While none of the people interviewed for this case study mentioned a cooperation with other public bodies on the migration to open source, the project is one of several similar migrations of French public bodies. To mention just a some examples: the French National Assembly in 2007 decided to run Ubuntu on their 1145 workstations; the Ministry of Agriculture and Fishery switched their servers to the Mandriva GNU/Linux distribution in 2005; the Paris council will use several open souce applications on their laptops, as decided in June, 2008. These developments thus clearly show how open source software is used increasingly in the French public sector.
The Gendarmerie is already cooperating with Canonical, even though there is no formal contract. Canonical sees the scale of the project as an ideal situation to get feedback about their product. This unofficial cooperation started only in June 2008. Canonical is currently not providing support to end users. The company will only work together closely with a small group of 10 to 20 people within the core IT team of the Gendarmerie. At the moment the contact is limited only to Pascal Danek and a few colleagues of his.
- Nick Barcet, Ubuntu Server Product Manager at Canonical
Since the beginning of the project in 2001, there have been many developments towards the present migration of the operating system. The migration process therefore has to be considered within the context of earlier developments. Nick Barcet highlights the careful planning of the Gendarmerie\'s every step in the migration to open source software as an essential ingredient for success in this project. To recall once more, these developments were as follows:
From 2002 to 2004 the Gendarmerie created a more centralized architecture by putting all applications on the Intranet, which also allowed for greater modularity
In 2005 the decision to replace Microsoft Office with Open Office was made
Not much later, Mozilla\'s web browser Firefox and email client Thunderbird were introduced
After the announcement of Windows Vista in late 2006, the decision was made to migrate to Ubuntu.
Compared to other project that Danek has experienced, “addressing the problems one by one” proved to be much more effective than a “hard migration”, replacing all operating systems at the same time, he says.
He states that there have not been any complaints or reports of significant difficulties from end users so far. However, as the project has only started in 2008 and only 5000 machines are running on Ubunut until now, no definite answer can be given in this respect. Danek further reports that there is a lively exchange between the headquarters and the Départments, which would enable them to react to problems rather effectively. A conference was held in Paris in early October 2008 where not only officials were invited to discuss the IT infrastructure, but also local officers had the chance to express their opinions. For Danek, these hands-on experiences provided very important feedback, as this went beyond official assessments of the project. He concluded “We think we have a good view on what the problems are and I think that it\'s very positive a the moment”.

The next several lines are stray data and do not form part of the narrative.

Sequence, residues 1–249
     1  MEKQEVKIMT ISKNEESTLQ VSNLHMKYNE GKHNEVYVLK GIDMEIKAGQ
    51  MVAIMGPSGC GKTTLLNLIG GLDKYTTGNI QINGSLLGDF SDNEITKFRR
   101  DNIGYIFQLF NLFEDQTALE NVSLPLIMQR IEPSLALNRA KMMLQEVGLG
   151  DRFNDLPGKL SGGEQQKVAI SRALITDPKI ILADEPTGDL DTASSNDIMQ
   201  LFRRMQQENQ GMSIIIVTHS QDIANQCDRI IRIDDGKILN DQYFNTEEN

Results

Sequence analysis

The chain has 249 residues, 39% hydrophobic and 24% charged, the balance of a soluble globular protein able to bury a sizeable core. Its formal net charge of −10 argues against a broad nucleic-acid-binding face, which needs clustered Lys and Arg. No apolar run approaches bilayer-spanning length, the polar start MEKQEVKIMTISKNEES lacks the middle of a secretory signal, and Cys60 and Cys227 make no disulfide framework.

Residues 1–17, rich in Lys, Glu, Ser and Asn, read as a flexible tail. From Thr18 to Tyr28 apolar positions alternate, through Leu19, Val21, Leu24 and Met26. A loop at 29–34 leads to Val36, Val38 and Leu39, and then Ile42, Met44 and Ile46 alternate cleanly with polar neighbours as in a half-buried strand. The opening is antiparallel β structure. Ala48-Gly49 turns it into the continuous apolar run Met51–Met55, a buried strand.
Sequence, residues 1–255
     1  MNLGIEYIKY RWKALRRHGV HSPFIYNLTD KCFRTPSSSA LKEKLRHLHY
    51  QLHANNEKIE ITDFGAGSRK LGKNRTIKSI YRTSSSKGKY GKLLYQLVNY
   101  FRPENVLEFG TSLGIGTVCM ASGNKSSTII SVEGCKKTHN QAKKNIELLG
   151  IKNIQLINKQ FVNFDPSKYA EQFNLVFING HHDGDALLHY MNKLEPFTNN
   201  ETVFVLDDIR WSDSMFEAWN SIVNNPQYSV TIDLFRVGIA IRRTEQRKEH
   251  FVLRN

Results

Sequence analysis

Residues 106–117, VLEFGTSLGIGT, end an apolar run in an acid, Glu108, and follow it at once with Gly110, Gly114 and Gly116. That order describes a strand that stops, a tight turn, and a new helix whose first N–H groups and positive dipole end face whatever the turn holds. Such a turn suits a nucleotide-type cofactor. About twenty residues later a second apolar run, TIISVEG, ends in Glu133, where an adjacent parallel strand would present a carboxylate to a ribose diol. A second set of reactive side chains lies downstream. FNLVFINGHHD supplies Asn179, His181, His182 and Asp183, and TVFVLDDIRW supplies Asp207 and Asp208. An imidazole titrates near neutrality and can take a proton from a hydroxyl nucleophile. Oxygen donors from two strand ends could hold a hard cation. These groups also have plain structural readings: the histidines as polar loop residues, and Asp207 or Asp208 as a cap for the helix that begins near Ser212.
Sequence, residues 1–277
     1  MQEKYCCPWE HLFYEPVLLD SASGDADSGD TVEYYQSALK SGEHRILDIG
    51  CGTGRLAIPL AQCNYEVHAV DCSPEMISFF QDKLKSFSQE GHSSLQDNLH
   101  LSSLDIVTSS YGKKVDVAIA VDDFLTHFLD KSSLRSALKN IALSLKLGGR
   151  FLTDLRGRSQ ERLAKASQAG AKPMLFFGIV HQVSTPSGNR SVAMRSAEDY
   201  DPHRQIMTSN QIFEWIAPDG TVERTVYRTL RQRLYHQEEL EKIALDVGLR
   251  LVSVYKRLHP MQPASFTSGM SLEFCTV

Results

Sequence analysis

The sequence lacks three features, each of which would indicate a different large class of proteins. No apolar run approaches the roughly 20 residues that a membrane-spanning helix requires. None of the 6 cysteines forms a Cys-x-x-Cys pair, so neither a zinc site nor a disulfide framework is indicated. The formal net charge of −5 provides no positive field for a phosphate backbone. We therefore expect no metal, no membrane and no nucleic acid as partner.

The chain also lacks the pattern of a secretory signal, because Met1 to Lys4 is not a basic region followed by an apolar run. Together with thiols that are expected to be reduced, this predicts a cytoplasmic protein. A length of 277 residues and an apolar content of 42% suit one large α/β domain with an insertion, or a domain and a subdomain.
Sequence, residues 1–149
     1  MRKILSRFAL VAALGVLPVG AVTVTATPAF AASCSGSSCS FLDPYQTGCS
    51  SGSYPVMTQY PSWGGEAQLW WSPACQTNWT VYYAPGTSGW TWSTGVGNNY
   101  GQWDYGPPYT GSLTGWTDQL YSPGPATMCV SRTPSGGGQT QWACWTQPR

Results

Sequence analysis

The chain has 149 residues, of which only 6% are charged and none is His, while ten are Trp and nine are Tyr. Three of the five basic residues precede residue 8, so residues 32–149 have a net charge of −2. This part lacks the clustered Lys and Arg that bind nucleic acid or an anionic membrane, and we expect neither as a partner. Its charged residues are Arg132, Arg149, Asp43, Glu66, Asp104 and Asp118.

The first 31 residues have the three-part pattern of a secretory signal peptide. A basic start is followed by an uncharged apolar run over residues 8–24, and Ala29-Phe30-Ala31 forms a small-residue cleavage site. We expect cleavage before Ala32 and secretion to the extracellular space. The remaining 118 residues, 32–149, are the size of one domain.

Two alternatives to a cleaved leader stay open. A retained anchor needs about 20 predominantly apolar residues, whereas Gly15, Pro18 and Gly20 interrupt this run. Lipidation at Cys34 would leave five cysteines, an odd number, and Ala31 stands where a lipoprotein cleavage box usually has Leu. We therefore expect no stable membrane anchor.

From a financial point of view, Barcet is well aware of the costs of migrating a whole system, as “the costs of migrating always exceed the status quo”. Nonetheless he argues that it is important to look at the costs in the long run, and compare those to alternatives. Here, a migration to Windows Vista would by far have exceeded the costs of the Ubtuntu migration, as not only hardware updates would have been necessary, but future software updates involving costly licenses would further add to the bill. Since GNU/Linux has relatively low hardware requirements, can run even on older machines without problems, and can be obtained free of charge, the costs of such a solution can be lower. Moreover, the GNU/Linux command line interface has remained fairly stable for the last 10 years, letting administrators continue to use the knowledge they have acquired in the past..
Achievements / Lessons learned
The migration of the first 5000 workstations has been accomplished successfully, according to Danek. Besides a few pending issues, “there is no big problem remaining in our IT system with regard to Linux”, he states. The openness of the GNU/Linux platform offers the Gendarmerie the possibility to constantly adapt and improve their system according to their needs, which brings many advantages compared to other operating systems.
For Ubuntu\'s Nick Barcet the project is a very important and unique source of feedback. As there are only very few ventures in these dimensions, the insights gained here can be essential for the further development of Ubuntu in the future. As one example of this, Barcet mentioned an issue the Gendarmerie had with Ubuntu\'s Update Manager that required administrator rights, which were not available to every user. Canonical was thus contacted by the Gendarmerie about this issue, and a solution was found. Especially for larger institutions and organisations this was important, as the occurrence of the same problem could be avoided in the future. The cooperation of Canonical and the Gendarmerie is therefore mutual beneficial.
For the future Pascal Danek says, the team will try to resolve the few remaining issues in the migration process, such as problems related to the Samba file server application.
He and his colleagues are optimistic about migrating all of the Gendarmerie\'s desktops to Ubuntu by 2015. They believe that this will not only dramatically improve the force\'s IT systems, but save large sums of money that otherwise would have been spent on licenses.
- Parlez-Vous Ubuntu? - Says the French Police
- La Gendarmerie Nationale
- La gendarmerie passera ses 70 000 PC sous Ubuntu d\'ici à 5 ans
- La gendarmerie française met Windows au trou
- Paris council laptops to use Open Source
- Ministry of Agriculture and Fishery switches servers to Linux
- Parliament selects Ubuntu Linux for desktop
Author: Gregor Bierhals, UNU-MERIT
This study is based on interviews with Pascal Danek, technical architect at the Gendarmerie Nationale; and Nick Barcet, Ubuntu Server Product Manager at Canonical.